Maurice Fridberg (Dublin; London, UK)
Series dates: 1945-1947
Size: 4.5″ x 7″
Maurice Fridberg was a Jewish Dubliner, bookseller, writer, and publisher. The publishing firm in his name was established in 1941 in London, where he was, at the time, operating a bookstore (at Sussex House, Sussex Place, London S.W. 7). The plan was to grow the publishing firm after the war, in Dublin, but maintaining a London office), with a focus on literature (source: Robert Greacen, The Sash My Father Wore, Mainstream Publishing, 1997). Photo source: Daily Telegraph (London) photo library.
A few titles with Fridberg as publisher appear in 1941-1943 with a London or Dublin imprint. The imprint changes to Dublin & London in 1945, the year the Hour-Glass Library series is first issued. In 1947 the imprint changes to Dublin, and five more titles are published in 1947 and 1948 before the imprint disappears. I can find almost nothing on Fridberg in scholarly literature, his firm fizzling out before it generated much of a literary impact.
Fridberg’s early publications caused some consternation among the members of the unfortunately titled Irish “Sex Board” – a government-appointed censorship panel established in Ireland in the early 1940s. The first book banned by the Sex Board was a translation of poet Brian Merriman’s “Cúirt an Mhean-Oiche” translated by Frank O’Connor and issued by Fridberg in 1945. This title has the honor of being the first book banned in Ireland by the Board. Translation of these poems was, at the time, part of the Irish school curriculum; alas, O’Connor’s translation included a few tweaks to the translation that were perceived, by the Sex Board, as anti-clerical and bordering on blasphemous. Another Fridberg title, Norah Hoult’s Selected Stories (one of the Hour-Glass Library series: Hoult’s writings encompassed working class and women’s issues, as well as prostitution and sex workers), was banned by the panel in 1946. (Source: The Oxford History of the Irish Book, Volume V: The Irish Book in English, 1891-2000, p. 297. Oxford University Press, 2007).
Thanks to Paul Wagner (publishinghistory.com) for the Fridberg photo, Observer advertisements, and idea to compile a preliminary list of Maurice Fridberg titles issued between 1941 and 1948. There were not many!
Maurice Fridberg publications, 1941-1948. Imprints are London, London & Dublin, or Dublin:
Advertisements for Maurice Fridberg titles were published in The Observer (London, September 23, 1945, p. 3) and the Times Literary Supplement (September 29, 1945, pg. 460). The yet to-be-banned title The Midnight Court is featured, along with the first issue of the Hour-Glass Library, with general editor Reginald Moore. The first title in the series is Rhys Davies Selected Stories, with six additional collections in preparation.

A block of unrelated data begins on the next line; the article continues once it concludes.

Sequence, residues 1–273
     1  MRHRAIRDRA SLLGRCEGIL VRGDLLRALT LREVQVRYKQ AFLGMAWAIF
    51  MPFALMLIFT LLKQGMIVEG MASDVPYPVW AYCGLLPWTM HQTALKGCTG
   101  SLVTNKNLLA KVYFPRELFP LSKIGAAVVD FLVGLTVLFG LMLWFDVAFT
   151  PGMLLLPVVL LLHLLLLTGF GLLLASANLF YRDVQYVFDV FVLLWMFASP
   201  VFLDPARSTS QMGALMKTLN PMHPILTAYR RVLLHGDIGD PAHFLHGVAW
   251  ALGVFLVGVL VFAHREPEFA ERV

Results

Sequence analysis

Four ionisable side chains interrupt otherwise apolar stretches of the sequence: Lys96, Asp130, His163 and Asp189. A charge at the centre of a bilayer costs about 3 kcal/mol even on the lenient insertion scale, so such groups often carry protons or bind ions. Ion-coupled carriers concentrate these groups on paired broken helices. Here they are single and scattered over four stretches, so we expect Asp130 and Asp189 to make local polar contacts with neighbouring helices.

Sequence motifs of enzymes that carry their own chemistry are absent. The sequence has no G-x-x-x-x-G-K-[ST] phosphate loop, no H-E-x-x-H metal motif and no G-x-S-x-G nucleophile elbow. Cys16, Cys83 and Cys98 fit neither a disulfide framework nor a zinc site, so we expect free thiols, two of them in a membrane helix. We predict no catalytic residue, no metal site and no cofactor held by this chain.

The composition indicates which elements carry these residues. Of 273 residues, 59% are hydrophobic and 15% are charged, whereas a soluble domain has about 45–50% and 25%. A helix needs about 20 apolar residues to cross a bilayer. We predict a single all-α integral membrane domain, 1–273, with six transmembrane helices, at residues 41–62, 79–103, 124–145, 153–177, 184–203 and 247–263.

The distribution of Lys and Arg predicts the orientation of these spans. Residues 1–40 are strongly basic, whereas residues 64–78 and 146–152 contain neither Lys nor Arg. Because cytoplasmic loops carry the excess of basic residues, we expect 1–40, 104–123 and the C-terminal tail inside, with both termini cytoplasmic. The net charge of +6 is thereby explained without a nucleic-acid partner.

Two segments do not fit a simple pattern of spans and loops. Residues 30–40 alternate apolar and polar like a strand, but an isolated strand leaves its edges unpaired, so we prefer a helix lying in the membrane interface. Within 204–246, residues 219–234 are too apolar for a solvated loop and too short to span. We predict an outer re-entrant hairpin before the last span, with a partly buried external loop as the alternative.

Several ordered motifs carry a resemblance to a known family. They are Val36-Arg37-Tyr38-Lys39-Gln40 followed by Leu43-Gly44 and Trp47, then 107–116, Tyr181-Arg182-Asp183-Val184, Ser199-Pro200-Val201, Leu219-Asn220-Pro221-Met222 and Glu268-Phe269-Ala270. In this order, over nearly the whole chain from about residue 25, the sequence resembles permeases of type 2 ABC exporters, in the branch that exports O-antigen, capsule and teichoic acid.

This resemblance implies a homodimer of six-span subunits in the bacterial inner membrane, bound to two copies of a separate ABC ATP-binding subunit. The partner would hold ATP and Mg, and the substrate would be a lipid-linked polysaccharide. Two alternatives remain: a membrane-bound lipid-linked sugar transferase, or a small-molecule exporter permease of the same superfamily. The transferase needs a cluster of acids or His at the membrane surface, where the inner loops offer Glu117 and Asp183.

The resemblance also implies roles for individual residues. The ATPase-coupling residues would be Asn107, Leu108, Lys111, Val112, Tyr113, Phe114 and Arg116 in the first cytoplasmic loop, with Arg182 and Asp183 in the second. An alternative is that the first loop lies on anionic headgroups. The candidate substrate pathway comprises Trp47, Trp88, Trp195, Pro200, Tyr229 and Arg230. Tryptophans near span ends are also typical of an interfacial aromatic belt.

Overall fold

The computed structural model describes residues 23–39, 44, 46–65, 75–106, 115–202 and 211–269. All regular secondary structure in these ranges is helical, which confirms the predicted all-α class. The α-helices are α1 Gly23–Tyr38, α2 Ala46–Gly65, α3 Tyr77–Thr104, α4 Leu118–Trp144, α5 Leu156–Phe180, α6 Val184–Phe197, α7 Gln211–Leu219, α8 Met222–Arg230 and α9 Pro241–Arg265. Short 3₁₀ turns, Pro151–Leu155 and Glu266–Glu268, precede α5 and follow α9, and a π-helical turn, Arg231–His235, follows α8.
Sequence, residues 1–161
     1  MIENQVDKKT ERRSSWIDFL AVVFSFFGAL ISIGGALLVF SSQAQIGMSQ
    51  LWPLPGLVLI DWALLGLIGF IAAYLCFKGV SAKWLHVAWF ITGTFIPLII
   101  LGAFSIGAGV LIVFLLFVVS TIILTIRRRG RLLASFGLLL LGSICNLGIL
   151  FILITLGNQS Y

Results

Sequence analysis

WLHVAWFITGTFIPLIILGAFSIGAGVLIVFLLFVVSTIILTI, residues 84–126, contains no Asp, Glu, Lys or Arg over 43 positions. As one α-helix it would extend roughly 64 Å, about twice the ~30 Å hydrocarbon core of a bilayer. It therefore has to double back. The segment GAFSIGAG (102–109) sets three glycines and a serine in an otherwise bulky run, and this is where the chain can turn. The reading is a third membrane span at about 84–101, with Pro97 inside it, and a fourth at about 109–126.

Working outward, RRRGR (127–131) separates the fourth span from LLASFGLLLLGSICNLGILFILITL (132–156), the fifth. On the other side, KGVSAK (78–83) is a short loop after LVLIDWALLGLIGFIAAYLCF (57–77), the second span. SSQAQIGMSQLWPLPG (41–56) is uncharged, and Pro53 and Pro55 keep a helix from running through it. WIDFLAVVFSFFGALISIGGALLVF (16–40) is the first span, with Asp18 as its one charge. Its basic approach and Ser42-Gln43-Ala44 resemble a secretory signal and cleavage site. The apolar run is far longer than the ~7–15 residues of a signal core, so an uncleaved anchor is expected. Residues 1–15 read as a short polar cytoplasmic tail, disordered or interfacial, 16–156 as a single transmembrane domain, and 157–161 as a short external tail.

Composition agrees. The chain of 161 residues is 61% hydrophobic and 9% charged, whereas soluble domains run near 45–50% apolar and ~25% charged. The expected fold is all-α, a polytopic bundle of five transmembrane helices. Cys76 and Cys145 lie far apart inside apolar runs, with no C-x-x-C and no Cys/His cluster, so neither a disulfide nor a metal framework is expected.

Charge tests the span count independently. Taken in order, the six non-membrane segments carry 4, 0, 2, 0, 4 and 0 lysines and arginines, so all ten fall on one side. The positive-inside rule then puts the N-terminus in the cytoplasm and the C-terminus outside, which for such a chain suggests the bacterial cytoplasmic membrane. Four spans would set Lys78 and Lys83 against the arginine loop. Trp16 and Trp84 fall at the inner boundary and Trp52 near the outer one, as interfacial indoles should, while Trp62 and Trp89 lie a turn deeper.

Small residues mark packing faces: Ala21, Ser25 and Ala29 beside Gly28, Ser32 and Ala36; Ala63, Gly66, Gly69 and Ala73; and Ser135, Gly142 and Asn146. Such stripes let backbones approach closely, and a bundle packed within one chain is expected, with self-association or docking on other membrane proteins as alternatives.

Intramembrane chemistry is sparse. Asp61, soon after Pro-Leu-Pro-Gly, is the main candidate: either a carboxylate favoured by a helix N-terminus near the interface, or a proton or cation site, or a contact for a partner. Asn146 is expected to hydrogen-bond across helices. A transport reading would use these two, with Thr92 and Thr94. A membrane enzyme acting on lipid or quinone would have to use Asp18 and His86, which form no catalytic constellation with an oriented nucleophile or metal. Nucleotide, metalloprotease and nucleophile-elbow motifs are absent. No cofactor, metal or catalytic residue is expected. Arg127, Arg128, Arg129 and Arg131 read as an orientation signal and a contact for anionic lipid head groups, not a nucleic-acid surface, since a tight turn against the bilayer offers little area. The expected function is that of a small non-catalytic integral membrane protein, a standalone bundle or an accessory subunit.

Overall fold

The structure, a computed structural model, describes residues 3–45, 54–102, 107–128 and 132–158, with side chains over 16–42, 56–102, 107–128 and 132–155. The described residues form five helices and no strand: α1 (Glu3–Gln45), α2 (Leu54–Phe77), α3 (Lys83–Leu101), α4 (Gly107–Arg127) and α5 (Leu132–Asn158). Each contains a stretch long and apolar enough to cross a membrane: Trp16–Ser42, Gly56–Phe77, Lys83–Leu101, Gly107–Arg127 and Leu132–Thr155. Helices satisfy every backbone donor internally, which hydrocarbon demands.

Eight Hour-Glass Library titles were issued in 1946, and three more in 1947. One more, Brophy’s Flesh & Blood was issued in 1948 and it was a departure from the series, a novel and issued with a unique, illustrated dust jacket. This may have been an attempt to reinvigorate the series. The initial 12 titles were “selected stories” of modern literary authors. Additional advertisements (below) are from The Observer, appearing on February 10, 1946, p. 3 and July 13, 1947, p. 3. The series numbering (advertisement below, right) is the only place I’ve seen series numbers associated with the books. Also, the advertisement on the right indicates that the Pilot Press (publisher of the Pilot Omnibus series) was distributing Fridberg’s titles.
The Hour-Glass series and Fridberg’s imprint disappear after 1948.
The Hour-Glass Library followed the form of mid- to late-1930s paperbound series, such as Tauchnitz Editions, Penguin, Zephyr Books, etc. which were decently-bound mid-sized paperbacks with jackets. Jackets for the Hour-Glass Library were common to the series, with a design leaving open spaces (factotum apertures) where the author and title of each book were overprinted. The spine includes the author and title and the series colophon (not surprisingly, an hour-glass). The jacket front includes the series name, title, author and publisher’s imprint. The front jacket flap includes a blurb about the author and a price (2s./6d.).
The back of the jacket continues the pattern and includes a listing of titles already published and in preparation. The list does not include this title (Elizabeth Bowen, Selected Stories), and is missing two titles (Gerald Bullett, Selected Stories, John Brophy, Flesh and Blood).
Titles in the Hour-Glass Library series:
Rhys Davies, Selected Stories (1945)
Fred Urquhart, Selected Stories (1946)
Norah Hoult, Selected Stories (1946)
John Brophy, Selected Stories (1946)
Ethel Mannin, Selected Stories (1946)
Elizabeth Bowen, Selected Stories (1946)
Malachi Whitaker, Selected Stories (1946)
Frank O’Connor, Selected Stories (1946)
Stephen Vincent Benet, Selected Stories (1946)
Elizabeth Berridge, Selected Stories (1947)
Gerald Bullett, Selected Stories (1947)
James Hanley, Selected Stories (1947)
*John Brophy, Flesh and Blood, John Brophy (1948)
*Listed as part of the Hour-Glass Library in several sources, but a novel and with a unique illustrated dust jacket (over a paperback).
The book’s card covers mimic the jacket. The binding is actually quite solid, making it difficult to scan the entire cover.
The book opens to the book title (actually, the book title for every book in the series).
A list of titles published in the series includes the same five listed on the jacket.
“First Published Nineteen-Forty-Six, Maurice Fridberg, Dublin: London.” I’ve never seen the year of publication spelled out as it is on this copyright page. “Printed by Hely’s Limited Dublin. Set in Ten Point Plantin.”
The final page includes several acknowledgments for publication permission and the series colophon.